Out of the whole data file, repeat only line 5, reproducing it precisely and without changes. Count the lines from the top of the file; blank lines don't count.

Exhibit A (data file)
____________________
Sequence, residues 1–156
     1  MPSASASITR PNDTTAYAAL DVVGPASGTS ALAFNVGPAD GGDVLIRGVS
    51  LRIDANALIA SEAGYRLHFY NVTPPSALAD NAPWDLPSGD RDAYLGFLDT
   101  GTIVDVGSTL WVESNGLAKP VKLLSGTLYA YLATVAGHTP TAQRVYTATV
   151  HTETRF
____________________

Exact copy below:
   151  HTETRF